next lifetime: on the origins of religious experience

I don’t believe any of this stuff, right?  So how come I can see it all so clearly?

Maybe I’ve just got no imagination at all.  I can see the house vividly.  Every detail, from ceilings to secret balconies and sunbathing decks.  The place needs a major paint job.  You’d think my next lifetime would at least have fresh paint already.  But no.  Maybe next lifetime rules are just being kind.  Knowing that I love painting walls with layers and layers of glaze.  But this one needs some major work on the ceiling.  I hate painting ceilings.  Maybe I can call someone to help? Can you do that?

You’d think I’d manage a fully prepped next lifetime.  But no.

A student came in yesterday.  Great combination:  double major in anthropology and comparative religious studies.  She’s been working at the Rosicrucian Museum since she was sixteen.

So when I told her how I wanted to paint my (next lifetime) ceiling, she completely agreed:  the ancient Egyptian goddess Nuit holding up the night sky.  She said that on really hot days they used to go into the vault where Nuit presides, looking down at them from the ceiling. And they’d stay down there under her cool dark skies and stars during their breaks.  A nice Office Hours bonding moment.

The kitchen needs redoing in my next-lifetime house.  I mean, c’mon.  That is so not fair.  Haven’t I done enough restoration for one lifetime?  Oh.  Right.  This is next time.  I haven’t filled my quota on next time.  It’s not a bummer, really.  They just better give me a really good job to be able to afford my next lifetime.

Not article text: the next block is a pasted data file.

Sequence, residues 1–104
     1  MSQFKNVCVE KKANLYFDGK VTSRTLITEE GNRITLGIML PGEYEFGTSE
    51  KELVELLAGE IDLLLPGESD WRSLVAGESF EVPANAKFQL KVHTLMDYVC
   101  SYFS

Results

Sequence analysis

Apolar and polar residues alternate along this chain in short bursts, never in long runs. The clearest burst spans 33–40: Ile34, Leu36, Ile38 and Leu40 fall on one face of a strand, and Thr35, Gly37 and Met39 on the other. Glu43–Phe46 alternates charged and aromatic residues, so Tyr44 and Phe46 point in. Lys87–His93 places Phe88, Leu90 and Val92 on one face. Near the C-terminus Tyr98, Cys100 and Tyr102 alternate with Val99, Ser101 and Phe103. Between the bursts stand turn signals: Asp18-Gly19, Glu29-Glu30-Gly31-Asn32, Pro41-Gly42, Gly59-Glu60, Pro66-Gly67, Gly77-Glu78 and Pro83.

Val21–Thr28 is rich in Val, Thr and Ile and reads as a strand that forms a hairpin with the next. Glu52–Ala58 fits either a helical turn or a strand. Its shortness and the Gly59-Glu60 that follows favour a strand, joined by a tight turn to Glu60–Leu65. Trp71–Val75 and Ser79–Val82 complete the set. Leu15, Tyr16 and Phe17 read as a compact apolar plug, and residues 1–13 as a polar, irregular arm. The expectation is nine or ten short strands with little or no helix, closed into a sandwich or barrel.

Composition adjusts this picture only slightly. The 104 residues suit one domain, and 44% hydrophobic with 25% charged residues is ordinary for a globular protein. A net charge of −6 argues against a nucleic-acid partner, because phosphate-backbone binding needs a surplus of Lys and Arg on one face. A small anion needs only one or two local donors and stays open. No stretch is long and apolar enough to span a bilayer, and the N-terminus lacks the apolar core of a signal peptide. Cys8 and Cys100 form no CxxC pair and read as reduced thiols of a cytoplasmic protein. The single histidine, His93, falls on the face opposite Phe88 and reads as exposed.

The ‘they’ I don’t believe in.

Which goes with the ‘next lifetime‘ I don’t believe in either.

The vision keeps going.  I can see my partner vividly as well.  I’m in shock really.  I get that?  I mean, what did I do to deserve such, such —  I begin to stutter…

And that’s where morality kicks into this afterlife business. “What did I do to deserve” language —  already plunks us down into some kind of good and evil universe where somebody’s doling out the goodies and the pain.  In my little vision, I’m clearly on the goody goody side of things.

Is that because I abstained from so much in this life and came to recognize the things I might atone for (had I been one of those people who atones).  Or maybe all that abstinence was my atonement?

Okay.  Scratch that.  I don’t know what to do with the atonement stuff.

Or.  Is it because I learned to have so much fun in this life — and that took a hell of a lot of work to learn.  But this too still implies a sense of deserving one fate over another.

We invent these other lives out of the depth of our suffering, I think.  We weave them out of our pain and grief.

I beat my chest and do the Woe thing (if I were that kind of person).  We feel we must get something, after all we’ve gone through.